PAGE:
Almost two years ago, the statue of slave trader Edward Colston was toppled in Bristol during the Black Lives Matter protests. The nationwide coverage of the event sparked fresh debates about how we as a nation deal (or have failed to deal) with our colonial past, particularly in relation to our significant involvement in the transatlantic slave trade. Despite being thrown into Bristol Harbour, the statue has since been placed in the M Shed Museum and interpreted to acknowledge its status in debates about Bristol’s past involvement in the transatlantic slave trade. Other cities with colonial links have also now started address their own histories. So, the question remains – how much has changed in the last two years?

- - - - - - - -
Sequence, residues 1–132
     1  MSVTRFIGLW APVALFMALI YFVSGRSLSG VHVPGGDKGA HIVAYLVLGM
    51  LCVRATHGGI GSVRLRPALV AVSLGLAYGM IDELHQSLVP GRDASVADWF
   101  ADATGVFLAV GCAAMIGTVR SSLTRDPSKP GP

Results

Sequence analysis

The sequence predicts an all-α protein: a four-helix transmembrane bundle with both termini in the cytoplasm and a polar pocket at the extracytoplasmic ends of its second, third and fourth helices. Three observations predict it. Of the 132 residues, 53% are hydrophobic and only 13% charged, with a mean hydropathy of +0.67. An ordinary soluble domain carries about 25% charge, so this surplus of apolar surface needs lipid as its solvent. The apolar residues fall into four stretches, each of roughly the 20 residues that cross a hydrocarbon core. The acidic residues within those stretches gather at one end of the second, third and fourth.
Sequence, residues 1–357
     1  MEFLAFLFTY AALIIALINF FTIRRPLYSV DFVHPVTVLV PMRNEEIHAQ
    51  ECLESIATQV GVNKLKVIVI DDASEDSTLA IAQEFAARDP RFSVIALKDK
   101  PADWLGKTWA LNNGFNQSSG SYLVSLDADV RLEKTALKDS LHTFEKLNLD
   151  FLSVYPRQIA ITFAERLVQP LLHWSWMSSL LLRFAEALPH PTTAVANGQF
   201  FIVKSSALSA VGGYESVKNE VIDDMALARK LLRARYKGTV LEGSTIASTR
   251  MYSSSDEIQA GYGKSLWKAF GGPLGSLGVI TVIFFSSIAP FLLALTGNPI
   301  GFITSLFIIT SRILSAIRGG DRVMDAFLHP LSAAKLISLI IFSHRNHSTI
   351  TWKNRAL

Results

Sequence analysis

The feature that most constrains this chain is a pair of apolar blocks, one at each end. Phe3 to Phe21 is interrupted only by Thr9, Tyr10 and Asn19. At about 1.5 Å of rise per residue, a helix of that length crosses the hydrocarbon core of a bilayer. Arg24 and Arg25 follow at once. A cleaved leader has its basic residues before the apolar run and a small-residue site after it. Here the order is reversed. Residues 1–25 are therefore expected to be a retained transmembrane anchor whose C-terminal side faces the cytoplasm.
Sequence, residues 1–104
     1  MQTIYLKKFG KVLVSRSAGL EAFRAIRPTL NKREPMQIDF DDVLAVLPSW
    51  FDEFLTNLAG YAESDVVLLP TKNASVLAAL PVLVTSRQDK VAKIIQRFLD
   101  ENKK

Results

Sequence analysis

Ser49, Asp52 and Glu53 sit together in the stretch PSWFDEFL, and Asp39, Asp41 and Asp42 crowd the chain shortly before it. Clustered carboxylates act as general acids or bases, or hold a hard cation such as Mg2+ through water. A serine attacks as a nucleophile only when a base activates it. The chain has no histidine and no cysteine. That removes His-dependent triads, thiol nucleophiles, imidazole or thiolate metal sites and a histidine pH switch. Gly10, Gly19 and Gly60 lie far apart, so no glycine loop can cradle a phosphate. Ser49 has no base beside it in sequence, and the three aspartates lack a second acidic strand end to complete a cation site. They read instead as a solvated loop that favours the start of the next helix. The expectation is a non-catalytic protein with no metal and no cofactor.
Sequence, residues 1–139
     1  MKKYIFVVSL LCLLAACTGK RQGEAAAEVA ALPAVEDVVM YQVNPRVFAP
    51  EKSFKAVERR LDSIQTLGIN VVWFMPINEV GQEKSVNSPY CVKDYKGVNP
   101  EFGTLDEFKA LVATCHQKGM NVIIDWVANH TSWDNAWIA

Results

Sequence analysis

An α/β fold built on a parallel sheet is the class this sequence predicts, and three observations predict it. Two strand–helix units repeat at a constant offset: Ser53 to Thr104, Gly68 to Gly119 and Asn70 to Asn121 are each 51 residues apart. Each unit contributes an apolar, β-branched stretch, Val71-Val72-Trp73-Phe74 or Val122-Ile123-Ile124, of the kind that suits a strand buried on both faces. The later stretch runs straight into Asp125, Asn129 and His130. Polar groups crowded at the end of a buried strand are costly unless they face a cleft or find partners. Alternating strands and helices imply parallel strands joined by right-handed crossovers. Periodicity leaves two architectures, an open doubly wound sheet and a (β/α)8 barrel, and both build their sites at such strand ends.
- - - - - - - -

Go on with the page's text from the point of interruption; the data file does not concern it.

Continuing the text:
It got me thinking about my own geographical area. I’ve lived in Lancaster ever since I moved here to go to university in 2017 and came to discover Lancaster’s involvement in the transatlantic slave trade whilst doing my bachelor’s degree in history. In total, Lancaster was involved in the capture and enslavement of approximately 30,000 people with 122 slave ships sailing from the city between 1700-1800. It was the fourth biggest slaving port in the entire country – behind Liverpool, Bristol and London. Even more shocking, Lancaster was one of the few places in Britain that sent a petition to the government in favour of slavery at the time of the abolitionist movement.